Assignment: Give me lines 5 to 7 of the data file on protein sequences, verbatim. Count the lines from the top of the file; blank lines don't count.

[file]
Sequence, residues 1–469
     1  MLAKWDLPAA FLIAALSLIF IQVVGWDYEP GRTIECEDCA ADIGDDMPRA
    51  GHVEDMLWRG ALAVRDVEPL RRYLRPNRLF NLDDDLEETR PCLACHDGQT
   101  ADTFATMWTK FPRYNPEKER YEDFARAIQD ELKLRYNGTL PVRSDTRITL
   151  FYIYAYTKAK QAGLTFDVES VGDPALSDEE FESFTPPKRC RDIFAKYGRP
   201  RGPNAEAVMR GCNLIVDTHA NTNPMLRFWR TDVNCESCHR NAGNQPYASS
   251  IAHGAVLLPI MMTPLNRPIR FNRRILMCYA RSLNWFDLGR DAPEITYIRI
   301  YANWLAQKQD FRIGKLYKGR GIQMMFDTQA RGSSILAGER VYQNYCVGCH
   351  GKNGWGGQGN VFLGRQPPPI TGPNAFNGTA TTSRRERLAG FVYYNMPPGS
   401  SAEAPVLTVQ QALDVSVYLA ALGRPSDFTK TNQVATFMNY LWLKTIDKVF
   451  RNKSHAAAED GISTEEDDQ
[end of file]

   151  FYIYAYTKAK QAGLTFDVES VGDPALSDEE FESFTPPKRC RDIFAKYGRP
   201  RGPNAEAVMR GCNLIVDTHA NTNPMLRFWR TDVNCESCHR NAGNQPYASS
   251  IAHGAVLLPI MMTPLNRPIR FNRRILMCYA RSLNWFDLGR DAPEITYIRI